Simple harmonic motion

Simple harmonic motion is a unique form of oscillating motion where the restoring force is directly proportional to the displacement and acts in the opposite direction of that displacement.

Before we delve into a common application of simple harmonic motion, there are a few things to know:

A = amplitude, which is the distance of the object from equilibrium.

Equilibrium refers to the length of the spring when there are no forces acting on it.

x = the distance an object is from equilibrium.

k = spring constant

f = frequency, which is the number of cycles per second, which = 1/T.

T = period, which is the number of seconds per cycle, which = 1/f = 2pi√(m/k)

Simple harmonic motion can be represented through a graph with displacement on the y-axis and time on the x-axis.

Using this representation of simple harmonic motion, we can see that when the object is at its highest distance from equilibrium (height = +A or -A), the object has a velocity of zero, but a maximized acceleration (a = F/m = -kx/m, and since x is maximized at this moment, a is maximized).  Oppositely, when the objects distance from equilibrium is zero, then the velocity is maximized (the graph has the highest maximized slope) and the acceleration is minimized (x = 0, so a = 0).

Simple harmonic motion is most often assessed through springs.  Hooke’s Law is an equation that is essential to understanding how springs function: F = -kx.  The restoring force (F) is equal to the spring constant (k) multiplied by the displacement from equilibrium (x).  However, if the spring is aligned vertically and has a mass on it, then the equilibrium length of the spring is defined as the length of the spring with the mass on it.  An equation we can use to help us determine this length is mg = kx. This equation is derived from the free body diagram of a mass that is being held up by a spring:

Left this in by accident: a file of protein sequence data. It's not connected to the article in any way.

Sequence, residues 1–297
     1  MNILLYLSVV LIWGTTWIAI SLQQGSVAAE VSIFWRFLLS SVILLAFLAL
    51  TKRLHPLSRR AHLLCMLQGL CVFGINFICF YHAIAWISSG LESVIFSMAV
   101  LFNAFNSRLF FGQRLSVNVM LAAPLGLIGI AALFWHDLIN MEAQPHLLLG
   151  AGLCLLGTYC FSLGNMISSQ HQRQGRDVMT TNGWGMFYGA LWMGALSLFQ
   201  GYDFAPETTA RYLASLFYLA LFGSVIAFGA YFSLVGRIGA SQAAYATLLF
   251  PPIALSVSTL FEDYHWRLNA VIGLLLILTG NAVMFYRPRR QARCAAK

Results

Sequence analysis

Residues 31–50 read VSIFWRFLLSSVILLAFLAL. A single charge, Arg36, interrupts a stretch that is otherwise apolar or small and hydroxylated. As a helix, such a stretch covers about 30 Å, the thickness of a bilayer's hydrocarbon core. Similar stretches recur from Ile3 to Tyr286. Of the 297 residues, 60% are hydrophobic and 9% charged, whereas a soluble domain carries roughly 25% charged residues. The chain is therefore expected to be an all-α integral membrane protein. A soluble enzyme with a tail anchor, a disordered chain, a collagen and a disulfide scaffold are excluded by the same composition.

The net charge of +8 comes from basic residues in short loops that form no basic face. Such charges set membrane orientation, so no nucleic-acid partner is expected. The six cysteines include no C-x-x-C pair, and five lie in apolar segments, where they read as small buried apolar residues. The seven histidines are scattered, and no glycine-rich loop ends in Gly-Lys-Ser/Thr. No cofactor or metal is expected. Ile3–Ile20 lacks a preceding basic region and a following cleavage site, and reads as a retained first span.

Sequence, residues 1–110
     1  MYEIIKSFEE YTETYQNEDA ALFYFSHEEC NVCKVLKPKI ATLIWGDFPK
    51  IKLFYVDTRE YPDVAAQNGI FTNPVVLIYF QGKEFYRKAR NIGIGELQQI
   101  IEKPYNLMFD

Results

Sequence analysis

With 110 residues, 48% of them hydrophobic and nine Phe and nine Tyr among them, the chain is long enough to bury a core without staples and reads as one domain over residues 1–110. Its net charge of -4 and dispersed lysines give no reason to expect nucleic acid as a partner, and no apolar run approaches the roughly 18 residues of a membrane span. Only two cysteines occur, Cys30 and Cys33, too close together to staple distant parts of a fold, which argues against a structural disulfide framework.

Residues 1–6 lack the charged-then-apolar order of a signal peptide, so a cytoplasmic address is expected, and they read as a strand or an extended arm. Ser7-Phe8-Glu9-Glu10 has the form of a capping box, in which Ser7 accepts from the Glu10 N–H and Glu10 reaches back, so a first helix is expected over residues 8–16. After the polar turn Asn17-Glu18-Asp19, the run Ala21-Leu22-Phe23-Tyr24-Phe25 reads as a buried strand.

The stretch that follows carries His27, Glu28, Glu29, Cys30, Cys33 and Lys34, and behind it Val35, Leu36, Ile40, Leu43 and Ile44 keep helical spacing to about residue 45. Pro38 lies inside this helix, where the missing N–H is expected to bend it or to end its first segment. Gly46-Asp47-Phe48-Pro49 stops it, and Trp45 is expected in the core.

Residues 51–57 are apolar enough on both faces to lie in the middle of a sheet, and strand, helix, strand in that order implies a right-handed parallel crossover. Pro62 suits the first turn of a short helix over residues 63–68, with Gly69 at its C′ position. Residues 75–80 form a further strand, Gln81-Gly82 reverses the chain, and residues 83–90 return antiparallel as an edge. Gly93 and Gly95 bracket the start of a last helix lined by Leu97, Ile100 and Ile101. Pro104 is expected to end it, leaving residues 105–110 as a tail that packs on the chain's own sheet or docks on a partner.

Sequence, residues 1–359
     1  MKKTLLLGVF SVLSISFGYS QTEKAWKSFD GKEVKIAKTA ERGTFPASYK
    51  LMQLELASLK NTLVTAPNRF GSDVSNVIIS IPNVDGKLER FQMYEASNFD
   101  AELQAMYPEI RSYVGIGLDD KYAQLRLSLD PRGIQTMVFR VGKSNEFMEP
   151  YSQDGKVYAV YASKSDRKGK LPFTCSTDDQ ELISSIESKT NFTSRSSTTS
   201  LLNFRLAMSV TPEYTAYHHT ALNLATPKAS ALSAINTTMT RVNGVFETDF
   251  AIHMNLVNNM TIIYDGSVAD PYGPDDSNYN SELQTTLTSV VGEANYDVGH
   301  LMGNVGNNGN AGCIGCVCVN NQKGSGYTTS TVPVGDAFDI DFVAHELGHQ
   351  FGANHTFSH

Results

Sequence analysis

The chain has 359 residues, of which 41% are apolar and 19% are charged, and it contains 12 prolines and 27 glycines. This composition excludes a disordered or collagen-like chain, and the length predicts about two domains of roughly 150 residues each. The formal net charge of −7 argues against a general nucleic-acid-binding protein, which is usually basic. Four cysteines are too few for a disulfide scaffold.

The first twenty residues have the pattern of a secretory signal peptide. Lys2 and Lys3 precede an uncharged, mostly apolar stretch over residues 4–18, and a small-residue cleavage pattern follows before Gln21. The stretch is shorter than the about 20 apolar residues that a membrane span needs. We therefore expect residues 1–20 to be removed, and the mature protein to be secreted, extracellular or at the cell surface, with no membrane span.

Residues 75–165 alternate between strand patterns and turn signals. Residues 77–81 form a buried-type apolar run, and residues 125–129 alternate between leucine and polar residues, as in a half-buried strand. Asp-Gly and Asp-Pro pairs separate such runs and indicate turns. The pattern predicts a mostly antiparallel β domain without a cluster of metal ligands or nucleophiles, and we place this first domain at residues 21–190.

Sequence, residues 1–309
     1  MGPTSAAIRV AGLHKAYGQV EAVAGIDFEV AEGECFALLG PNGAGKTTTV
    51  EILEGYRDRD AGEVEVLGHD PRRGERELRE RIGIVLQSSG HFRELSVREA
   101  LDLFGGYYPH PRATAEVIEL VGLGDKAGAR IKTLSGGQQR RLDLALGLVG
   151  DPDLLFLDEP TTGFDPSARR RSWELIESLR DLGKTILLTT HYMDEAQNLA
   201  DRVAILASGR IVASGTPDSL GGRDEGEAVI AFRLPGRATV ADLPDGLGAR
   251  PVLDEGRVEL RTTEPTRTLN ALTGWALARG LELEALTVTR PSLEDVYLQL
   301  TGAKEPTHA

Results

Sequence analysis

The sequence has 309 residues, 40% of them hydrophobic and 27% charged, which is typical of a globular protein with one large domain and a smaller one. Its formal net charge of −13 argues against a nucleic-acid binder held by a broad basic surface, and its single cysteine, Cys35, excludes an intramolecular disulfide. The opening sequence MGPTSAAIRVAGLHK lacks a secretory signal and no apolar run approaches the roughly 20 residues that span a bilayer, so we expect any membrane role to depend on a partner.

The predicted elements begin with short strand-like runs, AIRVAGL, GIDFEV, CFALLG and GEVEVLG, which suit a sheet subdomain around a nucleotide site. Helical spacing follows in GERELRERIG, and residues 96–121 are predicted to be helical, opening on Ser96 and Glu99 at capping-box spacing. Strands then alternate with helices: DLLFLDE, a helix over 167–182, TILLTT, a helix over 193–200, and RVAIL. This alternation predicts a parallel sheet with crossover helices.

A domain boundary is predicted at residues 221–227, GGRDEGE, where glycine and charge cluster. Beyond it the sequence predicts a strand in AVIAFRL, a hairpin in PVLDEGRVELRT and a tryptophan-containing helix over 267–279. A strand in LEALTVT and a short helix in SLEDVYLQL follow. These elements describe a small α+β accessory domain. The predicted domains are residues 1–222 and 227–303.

Example Problem #1

If you have a 5 meter long spring with a spring constant of 50 Newton meters and attach it to the ceiling with a 3kg block hanging on it, what will the spring’s new length?

Answer: 5.588m

Explanation: Using the formula mg = kx, we can plug in values for m, g, and k: (3)(-9.8) = (50)(x).  Solving for x, we get that x = -.588.  Since we know the spring will get longer, we just need to know the magnitude of the displacement, which is .588m.  Adding this to the spring’s original length of 5m, we get 5.588 meters.

More Applications

Another application of simple harmonic motion is pendulums.  When working with pendulums, there are some important formulas to know:

T = 2pi√(l/g)

g = acceleration due to gravity (-9.8m/s^2)

l = length of string

The formula T = 2pi√(l/g) tells us that the time it takes for a pendulum to complete one full cycle (time it takes for it to reach the same spot twice) does NOT depend on how high you draw back the pendulum OR the mass of the object, but rather the length of the string and the acceleration due to gravity.

Example Problem #2:

If you have a pendulum on the moon (g = 1.625 m/s^2) and a string with a length of 1m, how long will it take for the pendulum to complete two cycles?

Answer: 9.86s

Explanation: For this problem, we are going to use the formula T = 2pi√(l/g).  Instead of using Earth’s acceleration due to gravity, we are going to have to use the moon’s (1.625 m/s^2).  Plugging in g = 1.625 m/s^2 and l = 1m, we get that T = 4.93s. Since the question asks for two cycles, however, we will multiply that value by two, getting 9.86s.